For a promoted team, to stand any chance of surviving in the top flight a prolific striker is almost imperative these days.
This was certainly the case for Roy Keane’s Sunderland after their majestic promotion from the Championship in 2007. Keane was spending big but was still short of prolific striking options who he could hang his hat on scoring goals for the club.
Despite the signings of Michael Chopra and Roy O’Donovan, Jones’ signature was seen as essential for the season to come. After much discussions with his parent club Southampton, the Trinidadian eventually signed on the proverbial dotted line on the 29th August 2007 in £6 million deal.
From the moment he made his debut, fans could understand Keane’s desperation to sign the big physical striker.
Not only did he score goals, but Jones’ pace, power and physical presence ensured Sunderland had someone who could lead the line for the team - which was vital considering many games consisted of Keane’s team being on the back foot.
In his first season at the club, Jones notched up seven crucial goals which essentially kept the team up.
Despite his positive impact at the club that season, Jones had his critics too. I recall being at many matches where fans thought his style was languid and possibly even lazy at times but when he was on song, he was hard to stop.
Such were his performances throughout the first season, Jones had potential suitors further up the league from as early as November with Chelsea and Liverpool heavily linked with his signature.
In a 1-0 defeat to Chelsea in March 2008, John Terry heaped praise on Jones suggesting that he was one of the best strikers in the league.
Jones was fantastic against us and I have played against him twice now.
He is a very good player, very hard working and probably the best in the air in the entire Premier League. He really is that good.
All the lads were talking about him afterwards in the dressing room, saying how well he did and how impressive he was. If Sunderland can stay up and keep hold of him they have a fantastic chance of kicking on.
The summer of 2007 brought much anxiety after Jones’ performances. The striker was consistently linked with a move away, with Liverpool looking to send Peter Crouch in the opposite direction.
Jones and his manager insisted that he was going nowhere which was much relief for the Sunderland fans.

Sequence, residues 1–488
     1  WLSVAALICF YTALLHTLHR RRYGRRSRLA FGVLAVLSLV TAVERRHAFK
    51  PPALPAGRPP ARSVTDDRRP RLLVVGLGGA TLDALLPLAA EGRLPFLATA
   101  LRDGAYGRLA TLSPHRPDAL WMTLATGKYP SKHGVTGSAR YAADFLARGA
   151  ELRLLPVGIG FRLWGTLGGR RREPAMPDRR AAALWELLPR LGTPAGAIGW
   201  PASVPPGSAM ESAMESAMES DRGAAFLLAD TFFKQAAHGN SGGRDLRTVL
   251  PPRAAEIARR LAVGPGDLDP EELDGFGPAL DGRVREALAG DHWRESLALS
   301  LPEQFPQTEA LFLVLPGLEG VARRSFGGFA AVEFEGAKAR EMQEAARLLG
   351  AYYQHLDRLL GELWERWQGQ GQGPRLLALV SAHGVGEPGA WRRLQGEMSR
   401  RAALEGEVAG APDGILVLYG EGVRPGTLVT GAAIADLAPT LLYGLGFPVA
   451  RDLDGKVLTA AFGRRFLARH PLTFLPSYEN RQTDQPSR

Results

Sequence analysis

Kenwyne and our goalkeeper are definitely not going anywhere. There are certain players who are untouchable.
Sometimes a club might think they might get £20m or £30m and invest it and it’s a good deal for everyone but it certainly wouldn’t be a good deal for us to let Kenwyne or our goalkeeper go. It would set us back a hell of a lot. They are no-gos - even if we were offered crazy money.
The following season saw Jones suffer an injury in a pre-season friendly for Trinidad and Tobago against England. This led to a war of words between Roy Keane Trinidad and Tobago chairman - or cowboy - Jack Warner.
Upon his return, Jones had an instant impact and formed a decent partnership with Djibril Cisse despite rumours of their fractious relationship.
Jones’ fantastic form led to heavy interest from Tottenham Hotspurs in January 2008 where it seemed likely he was going to move.
To the relief of the fans, Niall Quinn appeared to strike a lucrative increase in his contract which saw the striker commit to the club:
We are building a team for the long term and Kenwyne is a big part of that.
In signing this new deal he’s shown that he wants to be part of our future and believes in what Ricky and the club are doing.
In the current economic climate, the figures bandied about for Kenwyne have been staggering, but we have shown our intent to build a bigger and better club for the future by retaining our best players.
Jones continued to be a success with his physical style key to our play.
Frustrations surrounding his goal return became more of an issue the longer he was at the club as his goals dried up in his third season under Steve Bruce with the striker only hitting 9 in 33 which was a couple of goals less in more games in comparison to the previous season.
It appeared his relationship with Steve Bruce was fractured and this led to his departure from the club - one which seemed to surprise many fans at the time.
I guess I don’t have any bad things to say about a player but his golden boy at the time, and rightfully so, was Darren Bent. Me and Benty had a really good partnership going on but Steve Bruce for some reason he was at ends with me and on top of that I was going through a devastating time in my personal life.
I was going through a divorce at that time, so things were not mentally all there for myself but I still held up my end of the bargain with my performances and me and him had a falling out one day because Liverpool wanted to sign me but Bentiez was the manager at the time and they were going to pay the money down, I think it was £16m or something like that.
On the other side everything was agreed and we had a falling out in training one day and he basically shut the deal down and then forced me to go to Stoke in the summer.
That’s how I ended up going to Stoke, Stoke wanted me but it was because I just wanted to get out of under the management of Steve Bruce at Sunderland really.
The signing of Kenwyne Jones was one of the most significant ones of the Roy Keane era. He was the poster boy for Keane’s newly assembled promoted side and his contributions during that time wont be forgotten.
Happy Birthday Kenwyne!